The picture above is from Kashana, A Welfare home in Islamabad. In the time I was in Pakistan, I made sure I to visit various points of interest. These points were not the type places you would find marked on guides or google maps, but sometimes you visit places just because you feel like it.
I’ve written about one of these places: The Dialysis Center, and I will write about another one today:
Kashana, A Welfare home for Destitute, Orphaned and Runaway girls.
I got into contact with the Director of the institute and told her that I was really interested in a visit, since such establishments intrigued me. She replied by saying she was pretty busy that week, but she could squeeze me in on the weekend.
Immediately after I arrived, I wanted to get into the gist of things and went into the Director’s office. The Director, Mrs. Naz, started off by showing me a few of her financial books. She told me how she kept a register for all the incoming donations, and how she kept a separate book for the ongoing expenses the home faced. How government aid almost never reached them in time and how over the years she’d become a master at “Making do” with limited resources.
About the institution
As we started walking around the institution, I asked her about the girls and their nurturing. I discovered that the girls ate, learned (through classrooms built in the upper level), played, and slept all under the same roof. The home cared for about 200 girls of all ages, from orphans to runaways, and its micro management requirements were eye opening. While I was there, I saw the windows being cleaned of the house, and I was told the whole ordeal usually took round about 4 hours. This was most remarkably intriguing, and I immediately garnered more respect for the depth and skill that goes into the management of such facilities.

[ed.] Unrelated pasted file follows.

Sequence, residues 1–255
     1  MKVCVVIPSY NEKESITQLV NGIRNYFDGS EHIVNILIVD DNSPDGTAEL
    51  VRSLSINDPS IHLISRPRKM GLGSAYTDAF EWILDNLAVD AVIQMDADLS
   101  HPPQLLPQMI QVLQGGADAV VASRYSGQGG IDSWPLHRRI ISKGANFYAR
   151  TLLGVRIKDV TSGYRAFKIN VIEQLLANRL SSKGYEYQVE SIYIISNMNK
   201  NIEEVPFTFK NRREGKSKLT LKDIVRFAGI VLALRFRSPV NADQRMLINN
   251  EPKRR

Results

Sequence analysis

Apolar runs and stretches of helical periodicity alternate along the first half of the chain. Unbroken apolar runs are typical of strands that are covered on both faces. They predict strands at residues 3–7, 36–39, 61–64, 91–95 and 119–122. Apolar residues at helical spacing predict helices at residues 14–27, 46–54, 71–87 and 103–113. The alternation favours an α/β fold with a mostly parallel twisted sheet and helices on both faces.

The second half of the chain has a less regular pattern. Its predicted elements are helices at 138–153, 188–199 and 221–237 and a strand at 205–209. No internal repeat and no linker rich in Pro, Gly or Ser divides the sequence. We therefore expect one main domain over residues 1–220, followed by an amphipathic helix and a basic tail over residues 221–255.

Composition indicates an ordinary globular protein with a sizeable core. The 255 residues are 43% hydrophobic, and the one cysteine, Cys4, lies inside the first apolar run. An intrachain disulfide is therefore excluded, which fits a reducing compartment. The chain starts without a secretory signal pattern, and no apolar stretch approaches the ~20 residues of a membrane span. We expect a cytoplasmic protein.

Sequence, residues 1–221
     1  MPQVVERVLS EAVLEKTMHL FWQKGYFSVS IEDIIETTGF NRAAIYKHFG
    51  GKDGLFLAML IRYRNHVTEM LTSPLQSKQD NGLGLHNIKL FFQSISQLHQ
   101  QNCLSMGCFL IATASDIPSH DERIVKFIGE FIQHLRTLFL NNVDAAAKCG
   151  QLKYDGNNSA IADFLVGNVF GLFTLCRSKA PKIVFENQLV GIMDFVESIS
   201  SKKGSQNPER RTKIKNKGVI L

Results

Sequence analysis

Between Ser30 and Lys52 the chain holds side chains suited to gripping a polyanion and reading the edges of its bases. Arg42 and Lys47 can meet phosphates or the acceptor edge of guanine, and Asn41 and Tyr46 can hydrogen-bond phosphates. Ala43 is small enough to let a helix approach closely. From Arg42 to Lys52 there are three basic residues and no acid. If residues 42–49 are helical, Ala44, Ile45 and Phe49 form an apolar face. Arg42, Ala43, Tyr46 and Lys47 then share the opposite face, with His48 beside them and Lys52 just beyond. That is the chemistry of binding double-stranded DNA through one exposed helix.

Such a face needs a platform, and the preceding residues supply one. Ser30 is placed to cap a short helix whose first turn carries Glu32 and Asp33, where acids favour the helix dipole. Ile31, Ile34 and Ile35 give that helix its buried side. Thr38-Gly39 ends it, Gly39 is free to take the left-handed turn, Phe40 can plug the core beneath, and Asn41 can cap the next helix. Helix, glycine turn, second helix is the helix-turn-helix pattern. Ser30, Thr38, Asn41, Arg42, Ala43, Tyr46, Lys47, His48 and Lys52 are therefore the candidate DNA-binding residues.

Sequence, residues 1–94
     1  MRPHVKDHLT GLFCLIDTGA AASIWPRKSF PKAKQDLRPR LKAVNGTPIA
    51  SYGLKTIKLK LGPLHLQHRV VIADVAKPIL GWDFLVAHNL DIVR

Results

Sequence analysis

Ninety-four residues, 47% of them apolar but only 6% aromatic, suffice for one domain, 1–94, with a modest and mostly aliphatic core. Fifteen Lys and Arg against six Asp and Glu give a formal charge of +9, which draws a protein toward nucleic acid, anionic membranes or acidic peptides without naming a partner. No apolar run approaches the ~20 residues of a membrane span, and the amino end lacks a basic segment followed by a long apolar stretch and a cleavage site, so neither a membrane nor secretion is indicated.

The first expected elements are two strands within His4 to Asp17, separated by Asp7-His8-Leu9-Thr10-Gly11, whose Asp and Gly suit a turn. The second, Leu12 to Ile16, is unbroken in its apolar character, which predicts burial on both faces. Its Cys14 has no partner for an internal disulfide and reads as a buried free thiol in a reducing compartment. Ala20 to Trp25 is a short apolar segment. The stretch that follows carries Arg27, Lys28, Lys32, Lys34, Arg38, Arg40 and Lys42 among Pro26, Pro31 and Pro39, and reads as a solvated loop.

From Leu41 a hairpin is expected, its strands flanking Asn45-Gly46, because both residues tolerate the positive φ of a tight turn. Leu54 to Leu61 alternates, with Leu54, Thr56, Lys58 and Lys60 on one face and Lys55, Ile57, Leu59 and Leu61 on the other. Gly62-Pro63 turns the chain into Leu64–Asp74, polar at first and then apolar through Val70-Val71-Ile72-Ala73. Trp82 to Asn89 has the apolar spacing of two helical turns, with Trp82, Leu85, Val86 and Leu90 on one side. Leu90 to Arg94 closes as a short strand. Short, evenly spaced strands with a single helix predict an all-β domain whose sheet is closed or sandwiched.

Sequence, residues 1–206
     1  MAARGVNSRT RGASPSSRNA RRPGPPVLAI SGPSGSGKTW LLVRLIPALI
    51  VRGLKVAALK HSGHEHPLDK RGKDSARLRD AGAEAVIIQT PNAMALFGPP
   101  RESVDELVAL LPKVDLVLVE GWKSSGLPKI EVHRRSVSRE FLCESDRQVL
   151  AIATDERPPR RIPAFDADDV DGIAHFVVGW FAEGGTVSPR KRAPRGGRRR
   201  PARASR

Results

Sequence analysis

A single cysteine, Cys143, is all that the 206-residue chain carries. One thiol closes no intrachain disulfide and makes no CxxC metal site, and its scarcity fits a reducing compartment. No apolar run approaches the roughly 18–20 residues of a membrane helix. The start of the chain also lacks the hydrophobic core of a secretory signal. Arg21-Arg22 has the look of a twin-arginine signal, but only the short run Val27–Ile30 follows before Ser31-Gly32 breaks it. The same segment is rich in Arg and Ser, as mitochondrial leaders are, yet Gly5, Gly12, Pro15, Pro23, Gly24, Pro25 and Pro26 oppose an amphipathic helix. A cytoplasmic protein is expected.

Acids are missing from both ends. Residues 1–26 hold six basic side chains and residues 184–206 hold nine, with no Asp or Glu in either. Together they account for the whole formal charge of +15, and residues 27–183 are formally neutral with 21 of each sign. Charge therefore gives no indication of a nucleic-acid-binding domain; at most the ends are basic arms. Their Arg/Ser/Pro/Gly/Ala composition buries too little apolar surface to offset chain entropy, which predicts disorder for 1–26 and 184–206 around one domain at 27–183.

When asked about the hindrances faced, she told me there was no shortage of them.
“The other day,” she explained, “the cook wanted to play cricket with the girls. They let him play but did not let him bat. Not pleased, the cook threatened he would clean the wheat flour used to make bread with tap water from the washroom. The next day, I came to work and saw, to my shock, that none of the girls had touched their food and were starving. When asked why, they told me about the incident with the cook. I tried to tell the girls that tap water is still water, and I had to reprimand the cook as well for his childlike behavior. I could not dismiss him, as he was the only one willing to work here on our limited budget. I would increase the budget, but that is out of my hands. Nevertheless, In the bigger picture, Social work has always been my passion and I like to think we’re making a difference. A real difference.”
After concluding our talk, I thanked her for her time and told her about my admiration for her work. As I started walking towards the car, I thought about how hard these people strive for the betterment of others. These are the type of unsung heroes who help advance our society, but they are also easily overlooked by it.